In an embodiment of the present invention, it can be envisioned that better testing results may be obtained by altering the design of the fire resistant barrier. For example, to include a greater mass of granular filling, thereby increasing the protective capability of the barrier and delivering improved testing results without otherwise changing the type of filling used. Alternatively, the fire resistant barrier may be altered to include multiple layers of filling that would be equivalent to one layer having an increased mass of filling.
It can be envisioned that test results such as a maximum heat release rate of less than 100 kW, total heat release of less that 25 MJ in the first ten minutes of the test, and weight loss due to combustion of less than 3 pounds in the first ten minutes of the test can be achieved by the modifications described above. Improved test results may be attributable to a number of variables due to the complex dynamics inherent in the fire resistant barrier and articles having the barrier incorporated therein.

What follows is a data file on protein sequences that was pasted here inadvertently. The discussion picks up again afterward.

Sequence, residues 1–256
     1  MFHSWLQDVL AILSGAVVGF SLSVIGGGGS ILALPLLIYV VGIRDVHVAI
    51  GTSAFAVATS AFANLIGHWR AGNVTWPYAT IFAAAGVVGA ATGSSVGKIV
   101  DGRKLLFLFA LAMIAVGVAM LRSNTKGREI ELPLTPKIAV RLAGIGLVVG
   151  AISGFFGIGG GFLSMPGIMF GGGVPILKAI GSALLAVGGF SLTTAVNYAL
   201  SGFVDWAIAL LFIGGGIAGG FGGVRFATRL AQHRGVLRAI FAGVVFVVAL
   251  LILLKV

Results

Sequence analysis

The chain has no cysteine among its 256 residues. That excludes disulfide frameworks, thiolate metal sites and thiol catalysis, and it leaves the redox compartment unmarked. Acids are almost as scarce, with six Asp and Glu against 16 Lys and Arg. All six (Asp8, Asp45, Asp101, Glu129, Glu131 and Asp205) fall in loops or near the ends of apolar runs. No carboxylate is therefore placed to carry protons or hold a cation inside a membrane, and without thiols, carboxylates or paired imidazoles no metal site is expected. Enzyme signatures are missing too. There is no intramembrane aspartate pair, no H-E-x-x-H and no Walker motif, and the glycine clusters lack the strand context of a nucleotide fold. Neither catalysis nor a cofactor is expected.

Additionally, the open flame resistant mattress 50 meets the smoldering resistance standard as required by the Cigarette Ignition Standard 16 CFR Part 1632. The entire content of the test protocol is incorporated herein by reference.
When the barrier 10 is present as discontinuous sections, the sections may comprise identical granular filling 12 or independently comprise different granular filling 12 in an embodiment of the present invention. Additionally, when the barrier 10 is present as discontinuous sections, the closure or interconnection of the sections may be accomplished in any manner suitable to ensure that the closure method does not compromise the performance of the barrier when tested for performance against open flame tests. It is important to note that the barrier 10 need not completely encapsulate either the mattress or the mattress foundation core structures.